23 August, 2021
National Skills Week highlights Mackays training talent
The rise in trainee and apprenticeship numbers is showing the Palaszczuk Government’s record investment of more than $1 billion in training and skills is paying off, with people in Mackay getting the qualifications they need for the jobs of the future.
Minister for Training and Skills Development Di Farmer said ‘RE-THINK’, the theme of this year’s National Skills Week, encouraged Queenslanders to take a good look at the many and varied careers available through vocational training.
“Wherever you are in Queensland, you deserve the opportunity to get world class training to help you get the right job,” Minister Farmer said.
“There has never been a more important time to do this, and that’s why the Palaszczuk Government put investing in training and skills at the heart of our $14.2 billion COVID-19 Economic Recovery Plan.”
Member for Mackay, Julieanne Gilbert, said the government was supporting young people in Mackay with free training.
“We have free apprenticeships and free TAFE for under 25s across 165 priority skills areas including construction, health, and disability support services,” Ms Gilbert said.
“And the figures show that it’s paying off: 45,700 apprentices and trainees started in the last financial year, which is a huge 56.6% rise on the year before.
“That includes over 1,600 right here in Mackay.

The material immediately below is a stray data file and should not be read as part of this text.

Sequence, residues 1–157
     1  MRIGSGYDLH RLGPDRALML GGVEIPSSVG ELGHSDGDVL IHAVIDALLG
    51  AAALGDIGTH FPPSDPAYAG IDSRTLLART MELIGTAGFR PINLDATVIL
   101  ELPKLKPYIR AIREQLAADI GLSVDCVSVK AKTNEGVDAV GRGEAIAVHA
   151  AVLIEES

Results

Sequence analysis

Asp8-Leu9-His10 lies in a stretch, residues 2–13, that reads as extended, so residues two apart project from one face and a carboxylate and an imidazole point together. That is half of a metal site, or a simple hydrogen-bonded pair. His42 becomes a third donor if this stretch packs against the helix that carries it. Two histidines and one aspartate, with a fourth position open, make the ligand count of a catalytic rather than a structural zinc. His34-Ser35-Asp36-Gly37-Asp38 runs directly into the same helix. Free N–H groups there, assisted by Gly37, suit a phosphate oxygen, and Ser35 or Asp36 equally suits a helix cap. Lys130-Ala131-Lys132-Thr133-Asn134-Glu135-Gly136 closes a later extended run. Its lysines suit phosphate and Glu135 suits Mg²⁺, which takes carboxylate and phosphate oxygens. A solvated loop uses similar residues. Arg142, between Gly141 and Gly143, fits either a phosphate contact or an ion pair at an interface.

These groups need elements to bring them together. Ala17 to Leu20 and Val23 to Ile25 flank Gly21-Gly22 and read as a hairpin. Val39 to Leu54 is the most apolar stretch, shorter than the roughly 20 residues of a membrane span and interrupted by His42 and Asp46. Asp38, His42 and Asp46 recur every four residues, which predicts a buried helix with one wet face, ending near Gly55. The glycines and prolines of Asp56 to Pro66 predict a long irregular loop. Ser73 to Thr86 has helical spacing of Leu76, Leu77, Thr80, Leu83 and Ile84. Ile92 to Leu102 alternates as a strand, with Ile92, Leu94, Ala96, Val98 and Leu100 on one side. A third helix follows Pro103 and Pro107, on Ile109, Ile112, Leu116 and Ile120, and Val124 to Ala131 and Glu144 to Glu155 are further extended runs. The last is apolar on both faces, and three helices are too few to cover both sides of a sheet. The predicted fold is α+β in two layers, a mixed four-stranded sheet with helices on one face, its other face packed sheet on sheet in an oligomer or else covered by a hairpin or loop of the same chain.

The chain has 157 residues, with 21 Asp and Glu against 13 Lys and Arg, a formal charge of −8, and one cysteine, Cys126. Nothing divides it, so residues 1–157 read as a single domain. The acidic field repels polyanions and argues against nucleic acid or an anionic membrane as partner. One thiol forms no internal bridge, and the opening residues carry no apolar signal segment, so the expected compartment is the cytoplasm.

“Queensland is also the national leader in school-based apprenticeships and traineeships with 57% of the national total.
“That’s why we have invested over $220 million into renewing and revitalising TAFEs across Queensland since 2017.
“And from this year, we are investing another $100 million, including $7.5M to expand the Ooralea Trade Training Centre.
“This will ensure our apprentices and trainees have world class facilities to train in and get the skills they need to change their lives.”
One of those people is Letitia Briggs. Letitia completed her traineeship, a Certificate II in Engineering, at BHP Mackay. Upon completion, she was offered a role and recently commenced full time work at Saraji mine. Letitia is now working towards becoming a diesel fitter.
“My goal was to find a career path that would provide a better life for myself and my son,” Letitia said.
“I chose to enter the resources sector because of the career growth and development opportunities available in the industry.”
Minister Farmer said vocational education and training was vital to Queensland’s economy.
“We know that if you get the right training, you’re more likely to get the right job,” Minister Farmer said.
“I’d encourage every single person reading this to go and look up all the rewarding, lucrative and prestigious career opportunities available through vocational education and training.”
National Skills Week, which runs from August 23 to August 29, is an opportunity to raise awareness of the power of vocational education and training and the wide range of qualifications that lead to rewarding careers now and into the near future.